A shortage can be driven by demand, or supply, or both. I think demand for commodities is on the rise as they grow in favor among investors. This growing demand leaves open the opposite end, the supply of willing sellers. As prices rise the market ought to see the additional supply of sellers grow, right? Or maybe not so much so, since the trend upward attracts fresh buying from specs and in some cases upside call protection from trade participants protecting financing. Under such a situation you then need to view the fundamentals of the underlying instrument to ascertain how soon additional supply will become available to meet the increase in demand. If there is obvious demand for cotton you can expect plantings to increase. If there is increased demand for coffee you can expect plantings to increase. To mature and be available for use cotton crops take a season, coffee plants take several. Sugar crops take a season, cocoa several, same too with oranges. Among the soft complex, I like the prospect for higher prices stemming from increased demand for ownership of commodities, but feel cocoa and coffee offer better long term opportunities than cotton and sugar. The jury is still out on FCOJ. I can see some of this reflected in the spreads between the front and back months.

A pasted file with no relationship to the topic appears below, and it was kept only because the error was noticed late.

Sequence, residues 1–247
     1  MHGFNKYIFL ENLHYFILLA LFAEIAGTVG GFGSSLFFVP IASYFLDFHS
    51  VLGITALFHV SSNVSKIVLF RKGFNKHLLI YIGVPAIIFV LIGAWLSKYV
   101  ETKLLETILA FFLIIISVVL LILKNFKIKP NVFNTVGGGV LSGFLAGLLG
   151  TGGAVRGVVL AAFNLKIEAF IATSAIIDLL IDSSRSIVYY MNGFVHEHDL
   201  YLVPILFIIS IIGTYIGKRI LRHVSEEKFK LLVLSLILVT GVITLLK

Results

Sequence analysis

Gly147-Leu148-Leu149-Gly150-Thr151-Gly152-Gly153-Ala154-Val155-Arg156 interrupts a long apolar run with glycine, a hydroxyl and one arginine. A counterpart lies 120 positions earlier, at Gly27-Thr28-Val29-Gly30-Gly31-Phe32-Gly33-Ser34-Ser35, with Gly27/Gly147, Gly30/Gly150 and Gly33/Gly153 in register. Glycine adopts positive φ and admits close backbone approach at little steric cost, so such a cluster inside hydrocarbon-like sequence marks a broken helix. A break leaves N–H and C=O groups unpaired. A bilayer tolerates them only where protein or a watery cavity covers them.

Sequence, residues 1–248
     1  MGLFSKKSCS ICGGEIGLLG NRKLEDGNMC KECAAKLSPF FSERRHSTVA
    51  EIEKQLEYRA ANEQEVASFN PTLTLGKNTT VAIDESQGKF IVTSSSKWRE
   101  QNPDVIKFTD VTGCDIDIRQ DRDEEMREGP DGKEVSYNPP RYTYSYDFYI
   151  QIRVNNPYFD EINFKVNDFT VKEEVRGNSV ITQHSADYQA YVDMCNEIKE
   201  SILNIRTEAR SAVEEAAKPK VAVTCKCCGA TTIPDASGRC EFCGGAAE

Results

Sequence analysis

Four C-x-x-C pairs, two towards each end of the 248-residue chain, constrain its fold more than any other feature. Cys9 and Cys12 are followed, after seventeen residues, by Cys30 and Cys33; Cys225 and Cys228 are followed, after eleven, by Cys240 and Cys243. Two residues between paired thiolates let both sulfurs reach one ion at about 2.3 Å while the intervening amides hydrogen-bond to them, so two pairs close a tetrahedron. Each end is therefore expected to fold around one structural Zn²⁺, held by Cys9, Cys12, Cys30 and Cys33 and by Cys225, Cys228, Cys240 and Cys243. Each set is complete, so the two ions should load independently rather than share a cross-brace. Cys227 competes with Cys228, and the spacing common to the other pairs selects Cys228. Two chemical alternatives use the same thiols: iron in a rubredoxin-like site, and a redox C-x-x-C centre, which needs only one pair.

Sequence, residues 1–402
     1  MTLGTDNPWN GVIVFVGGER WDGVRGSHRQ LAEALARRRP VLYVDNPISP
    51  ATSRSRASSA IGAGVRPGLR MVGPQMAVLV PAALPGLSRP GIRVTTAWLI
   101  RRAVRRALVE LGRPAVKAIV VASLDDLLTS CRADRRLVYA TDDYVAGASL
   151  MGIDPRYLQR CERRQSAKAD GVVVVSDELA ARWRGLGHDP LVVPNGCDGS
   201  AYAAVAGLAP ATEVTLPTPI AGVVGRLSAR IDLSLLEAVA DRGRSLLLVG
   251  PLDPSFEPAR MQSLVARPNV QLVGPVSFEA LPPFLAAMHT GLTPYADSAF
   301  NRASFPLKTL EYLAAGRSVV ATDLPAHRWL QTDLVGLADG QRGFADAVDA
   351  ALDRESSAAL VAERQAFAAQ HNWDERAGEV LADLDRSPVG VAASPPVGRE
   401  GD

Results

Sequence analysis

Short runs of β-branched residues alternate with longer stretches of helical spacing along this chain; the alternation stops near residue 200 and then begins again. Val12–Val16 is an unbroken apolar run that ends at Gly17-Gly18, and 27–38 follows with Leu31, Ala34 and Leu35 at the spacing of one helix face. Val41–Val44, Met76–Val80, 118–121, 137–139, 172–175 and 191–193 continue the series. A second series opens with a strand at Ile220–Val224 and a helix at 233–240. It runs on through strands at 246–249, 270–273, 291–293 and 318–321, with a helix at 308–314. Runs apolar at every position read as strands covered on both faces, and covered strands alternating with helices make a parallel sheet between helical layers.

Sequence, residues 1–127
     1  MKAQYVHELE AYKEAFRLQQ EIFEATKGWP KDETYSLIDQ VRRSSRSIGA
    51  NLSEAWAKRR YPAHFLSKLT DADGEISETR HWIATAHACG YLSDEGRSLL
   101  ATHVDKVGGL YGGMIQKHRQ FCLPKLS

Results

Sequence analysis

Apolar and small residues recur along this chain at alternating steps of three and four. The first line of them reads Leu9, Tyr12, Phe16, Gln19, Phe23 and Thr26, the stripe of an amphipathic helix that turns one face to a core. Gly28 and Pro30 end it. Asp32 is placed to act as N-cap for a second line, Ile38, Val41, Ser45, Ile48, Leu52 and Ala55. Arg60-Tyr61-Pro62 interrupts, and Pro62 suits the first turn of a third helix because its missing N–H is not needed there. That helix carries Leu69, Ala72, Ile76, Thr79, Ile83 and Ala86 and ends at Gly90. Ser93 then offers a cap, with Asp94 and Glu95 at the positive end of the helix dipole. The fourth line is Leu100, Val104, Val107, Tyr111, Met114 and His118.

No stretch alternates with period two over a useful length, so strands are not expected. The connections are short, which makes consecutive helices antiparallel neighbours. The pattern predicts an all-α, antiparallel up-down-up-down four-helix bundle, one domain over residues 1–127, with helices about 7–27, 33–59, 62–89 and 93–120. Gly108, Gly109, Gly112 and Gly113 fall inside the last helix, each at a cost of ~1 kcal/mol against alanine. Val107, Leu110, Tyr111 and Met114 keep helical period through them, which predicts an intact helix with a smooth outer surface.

Last week I saw gains in cotton and coffee. Sugar moved sideways, Cocoa, which initially surged, dropped sharply, closing lower for the week. FCOJ settled up on the week, but like cocoa, had surged early on. The one constant was the sizable price moves seen in the entire complex. This has become the new norm, large swings happen with greater frequency.

Volatility, perhaps the single most influential component of any pricing model based primarily upon Black Scholes has increased and rightly so. I suspect that the past performance of historical low levels of volatility is not to be seen again anytime soon. The pattern of price movement is regularly larger in today's market place and stems from a few factors, including the adaptation of electronic trading. Fund participation, which is at record levels is another, especially when large orders flow into or out of the marketplace. Above I mentioned a third the use of options. My point is that I think option volatility will remain high relative to historical levels among the soft markets.

Between now and year's end expect volatile markets focused on the world economy. I favor longs in cocoa, (thinking it cheap relative to other commodities), and like coffee on the long side. Skeptical towards sugar and cotton, but feel they too may strengthen.